How we got there: Flight from BKK to TIA
Visa: We got our visas ahead of time, but there was a visa on arrival option for USA citizens
Money: Nepalese Rupee
Craziest things we saw: The traffic. Living in Asia we’ve definitely seen some crazy driving, but never have we seen 6 people on one motorcycle before Nepal.
Even though we are currently in a worldwide lockdown, it’s been exactly 1 year since we got to be completely blown away by the Himalayas and we wanted to share our experience.
Our first real trip climbing mountains was just out of college and we’ve been in love with them ever since. Traveling to Nepal was inevitable. With the amount of time we had, we originally decided to go on 2 week trek around Annapurna with KE Adventures. Unfortunately, because of the amount of snow (and avalanches) we weren’t going to be able to make it to the Annapurna Sanctuary and instead opted to hike the Khopra Ridge Trek. It ended up being an absolutely beautiful trip and we want to go back in sometime in the near future.
Day 1: Fly Kathmandu, settle in and meet the rest of the group.
Day 2: Local flight to Pokhara then afternoon to explore the area.
Day 3: Drive to Kimche and begin our trek
Day 4-11: Trekking
Day 12: Crazy Jeep ride transfer to Pokhara
Day 13: Flight to Kathmandu, last dinner with group
Day 14: Morning sightseeing and then flight back home
Lucky for us, we live in Asia and the flight was only about 3 hours to Nepal. Once we arrived we were picked up by KE. The immigration process was the longest part of our arrival and we had our visas prior to arriving in country. As Americans, there was an option to purchase your visa upon arrival, but the lines were incredibly long. For reference, a friend that joined us on this trip arrived almost 4 hours before we did. She bought her visa upon arrival and then went through immigration. She arrived at the hotel 20 minutes before we did. If you have the option to get your visa ahead of time, we highly recommend it.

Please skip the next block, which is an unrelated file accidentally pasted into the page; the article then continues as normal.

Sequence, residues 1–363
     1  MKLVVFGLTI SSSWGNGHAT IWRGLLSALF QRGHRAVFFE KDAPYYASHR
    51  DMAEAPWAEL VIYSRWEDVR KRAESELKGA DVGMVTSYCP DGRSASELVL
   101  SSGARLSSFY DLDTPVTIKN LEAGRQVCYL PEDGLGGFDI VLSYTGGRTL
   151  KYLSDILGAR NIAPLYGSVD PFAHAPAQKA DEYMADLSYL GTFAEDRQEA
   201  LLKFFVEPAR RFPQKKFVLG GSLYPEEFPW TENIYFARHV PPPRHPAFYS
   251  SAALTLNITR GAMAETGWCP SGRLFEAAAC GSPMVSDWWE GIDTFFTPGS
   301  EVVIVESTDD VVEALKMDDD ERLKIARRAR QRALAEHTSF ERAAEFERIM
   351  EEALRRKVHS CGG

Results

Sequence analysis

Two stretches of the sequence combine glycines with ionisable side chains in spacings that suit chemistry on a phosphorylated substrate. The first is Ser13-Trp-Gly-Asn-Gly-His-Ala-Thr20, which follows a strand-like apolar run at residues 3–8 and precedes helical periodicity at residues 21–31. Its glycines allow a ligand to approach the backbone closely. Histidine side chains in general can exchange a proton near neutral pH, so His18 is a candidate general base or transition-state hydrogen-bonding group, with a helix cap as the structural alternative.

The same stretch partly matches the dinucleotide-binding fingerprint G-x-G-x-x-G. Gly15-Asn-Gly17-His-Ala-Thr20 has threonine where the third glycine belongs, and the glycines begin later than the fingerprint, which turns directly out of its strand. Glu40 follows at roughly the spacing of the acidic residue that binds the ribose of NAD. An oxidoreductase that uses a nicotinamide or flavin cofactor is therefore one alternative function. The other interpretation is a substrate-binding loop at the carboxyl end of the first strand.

Where to stay:
After getting through immigration, we were immediately whisked to the Shanker Hotel and able to get checked in for the night. The Shanker Hotel has a very old world feel to it. When we arrived it felt like we were stepping into an Agatha Christie novel and that Hercule Poirot would be coming out to greet us at any minute. It was also surprisingly quiet, which was very much appreciated considering the city itself was very loud.
When we stayed in Pokhara (two separate nights) we stay at The Hotel Kantipur. We had one of the tower suites and it was adorable. We had our own walk up and the suite included a front seating area and separate bed and bathroom. No complaints. This hotel also let us keep our check bags here while we were gone on the trek. Nothing was lost and we came back to our stuff in the same condition we left it in.
During the hiking portion of our trip we stayed in both public and private teahouses. Look for our next post to hear about our experience hiking in Nepal.
Celiac/Gluten Free Notes:
For the beginning of this trip we didn’t want to mess around with a gluten exposure prior to heading into the mountains for 2 weeks so we were very particular about our food. Both hotels served boiled eggs for breakfast and we had our own gluten free oatmeal packets and the hotels were very happy to provide us with boiling water. For dinner we brought gluten free dried meals and ramen. The hotels had rice and potatoes that we were comfortable eating and did so without any reactions.
What to do:
Well, this was a hiking trip so on this trip… you guessed it, we hiked. On our travels to the mountains we stopped in two major towns: